How to train your adventure dog for anything

How to train your adventure dog for anything

It’s a well-known fact that dogs make the best adventure partners. And if you’re like us, you and your pup have big plans together. But it’s up to you to get your canine companion into shape for the types of outdoor trips you want to bring them on and help unlock their biological potential. Here are six things to keep in mind when training your dog for ultimate adventuring.

Build physical stamina

If you want to raise the bar from casual walks to longer outdoor adventures, you must do so gradually, says Tracey Hagan of Pawsitive Purpose Dog Training. You also need to wait until your pup is done growing—usually 8 to 18 months; something your vet can confirm—before taking her for higher-impact activities. Then you can try pushing the mileage—gradually. “See what your dog does,” Hagan says, noting that you should always check her body language for signs of fatigue. If she’s panting extremely hard, refusing to move forward, or showing signs of an injury, give her water and rest. This goes for running, swimming, and biking alongside you.

Don’t forget about mental fitness

Just like humans, dogs need mental stimulation to build their intelligence and trail smarts. Puzzle toys, feeder balls, lick mats, and wading pools are a few popular toys you can use to challenge your dog. “There’s all kinds you can get, but I like making them on my own,” Hagan says. “It’s cheaper and it’s just as fun for the dogs.” She has tried everything from burying treats in a sandbox to hiding food in a two-liter bottle to teaching them to herd yoga balls into the corner of a yard. She says mental games can also help curb bad behaviors, such as barking, digging, and whining. Scent walks—slower-paced ambles where you allow Fido to sniff as much as he wants—are another way Hagan suggests mixing things up.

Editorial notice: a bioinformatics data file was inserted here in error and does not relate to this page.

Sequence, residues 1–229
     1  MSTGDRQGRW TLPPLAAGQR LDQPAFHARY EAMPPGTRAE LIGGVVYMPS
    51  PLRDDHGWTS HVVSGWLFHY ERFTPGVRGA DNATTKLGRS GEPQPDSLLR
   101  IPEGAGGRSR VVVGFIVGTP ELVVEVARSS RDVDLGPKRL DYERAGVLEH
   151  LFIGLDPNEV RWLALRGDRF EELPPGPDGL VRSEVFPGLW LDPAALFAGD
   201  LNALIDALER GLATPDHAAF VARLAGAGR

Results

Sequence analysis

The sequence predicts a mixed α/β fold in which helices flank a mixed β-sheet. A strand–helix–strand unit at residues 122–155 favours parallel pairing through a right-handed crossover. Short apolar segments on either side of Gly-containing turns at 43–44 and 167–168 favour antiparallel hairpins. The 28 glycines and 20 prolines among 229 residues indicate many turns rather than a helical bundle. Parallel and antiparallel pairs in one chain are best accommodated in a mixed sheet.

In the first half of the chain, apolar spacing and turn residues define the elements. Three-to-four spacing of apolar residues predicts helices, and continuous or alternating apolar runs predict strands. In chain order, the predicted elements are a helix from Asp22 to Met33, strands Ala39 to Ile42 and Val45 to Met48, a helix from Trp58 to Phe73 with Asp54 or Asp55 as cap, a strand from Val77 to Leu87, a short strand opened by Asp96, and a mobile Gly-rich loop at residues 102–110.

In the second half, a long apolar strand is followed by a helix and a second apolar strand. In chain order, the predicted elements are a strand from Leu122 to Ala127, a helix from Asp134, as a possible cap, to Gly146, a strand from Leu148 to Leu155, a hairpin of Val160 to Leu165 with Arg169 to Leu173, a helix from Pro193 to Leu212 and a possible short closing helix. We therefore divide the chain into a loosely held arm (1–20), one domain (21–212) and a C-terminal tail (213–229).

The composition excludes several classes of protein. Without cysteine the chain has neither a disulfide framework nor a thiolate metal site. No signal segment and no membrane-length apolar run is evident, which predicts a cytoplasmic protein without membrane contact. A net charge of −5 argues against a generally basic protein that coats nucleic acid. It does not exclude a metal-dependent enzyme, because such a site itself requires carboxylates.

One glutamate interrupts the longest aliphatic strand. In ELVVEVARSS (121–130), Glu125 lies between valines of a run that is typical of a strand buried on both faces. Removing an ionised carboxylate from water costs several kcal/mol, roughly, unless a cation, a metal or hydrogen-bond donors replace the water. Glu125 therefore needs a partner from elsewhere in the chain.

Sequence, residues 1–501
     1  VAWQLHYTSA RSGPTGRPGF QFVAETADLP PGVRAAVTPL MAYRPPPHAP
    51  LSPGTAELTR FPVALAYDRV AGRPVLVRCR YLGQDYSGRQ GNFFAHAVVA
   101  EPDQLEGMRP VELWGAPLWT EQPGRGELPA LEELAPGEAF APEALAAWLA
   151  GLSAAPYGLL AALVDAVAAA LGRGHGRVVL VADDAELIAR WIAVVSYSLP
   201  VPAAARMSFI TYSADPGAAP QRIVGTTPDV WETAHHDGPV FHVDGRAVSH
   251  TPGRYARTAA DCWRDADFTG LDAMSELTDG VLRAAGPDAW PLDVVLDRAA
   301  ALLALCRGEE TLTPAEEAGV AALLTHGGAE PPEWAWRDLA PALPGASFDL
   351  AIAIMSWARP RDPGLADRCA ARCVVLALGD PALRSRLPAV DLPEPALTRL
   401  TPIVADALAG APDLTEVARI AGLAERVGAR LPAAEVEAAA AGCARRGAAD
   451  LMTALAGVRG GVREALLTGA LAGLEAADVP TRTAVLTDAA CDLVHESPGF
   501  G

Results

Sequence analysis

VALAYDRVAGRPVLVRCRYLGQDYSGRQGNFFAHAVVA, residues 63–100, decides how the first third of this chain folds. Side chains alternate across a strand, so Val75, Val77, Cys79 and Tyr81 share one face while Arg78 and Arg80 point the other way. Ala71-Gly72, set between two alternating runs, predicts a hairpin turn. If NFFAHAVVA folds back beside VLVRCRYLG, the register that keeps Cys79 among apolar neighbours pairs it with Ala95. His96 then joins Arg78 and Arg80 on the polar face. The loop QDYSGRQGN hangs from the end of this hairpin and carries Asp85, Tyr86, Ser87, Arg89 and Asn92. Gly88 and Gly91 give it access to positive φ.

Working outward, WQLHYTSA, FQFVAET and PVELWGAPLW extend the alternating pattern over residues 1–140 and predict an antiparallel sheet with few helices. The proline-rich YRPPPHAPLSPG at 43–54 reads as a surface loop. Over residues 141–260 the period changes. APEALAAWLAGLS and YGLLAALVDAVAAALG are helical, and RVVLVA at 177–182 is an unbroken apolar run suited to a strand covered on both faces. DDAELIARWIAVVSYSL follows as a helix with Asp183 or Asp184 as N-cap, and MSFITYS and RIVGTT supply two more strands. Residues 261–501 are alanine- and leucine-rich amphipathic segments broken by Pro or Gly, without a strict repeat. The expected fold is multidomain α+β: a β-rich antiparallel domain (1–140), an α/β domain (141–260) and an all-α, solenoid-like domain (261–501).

Provide a healthy diet

As your dog gets stronger, healthy eating is essential to his growth and development. But all pet food is not created equal. In the wild, your dog’s ancestors consumed all the delicious and nutritious parts of their prey—meat, organs, bones and all. That’s why ORIJEN diets include whole-animal ingredients in nourishing ratios: the first five ingredients in its foods are always fresh or raw animal protein from sources like beef, poultry, fish, or eggs. From nutrient-dense recipes designed to support puppy development to the protein-rich Original Dog Food, ORIJEN nourishes your adventure dog the way nature intended.

Teach a few important skills

At the trailhead, you don’t want your dog leaping out of the car as soon as you open the door. Hagan says “come” and “wait” are useful commands in all types of scenarios, but her favorite exercise is targeting, which she teaches by holding a treat in her fist and having the dog touch his nose to her hand. “I use that to bring the dog away from things maybe they shouldn’t be going toward,” Hagan says. Every dog is going to have a threshold for how many distractions she can handle before she stops listening to you. An effective way to train dogs to listen better in overwhelming situations is to gradually expose them to more-intense sounds and sights while you condition them. Start the training inside before moving outside. Hagan also plays sounds on YouTube and turns up the volume as dogs stop noticing it, all the while teaching them different commands and rewarding them with treats.

Make time every day

A five-minute walk is better than no walk at all. But if you’re planning to take your dog on a day hike or longer trip, she’ll need to work up to it just as you do. So you’ll need to dedicate more time and patience in your day to your pup. Hagan says the mental activities require less effort on your part because you can leave her with a treat dispenser or other puzzle toy. It’s the physical training that will take more time. Aim for physical activity a few times a day. Just think of it as you and your dog getting fit for your adventures together.

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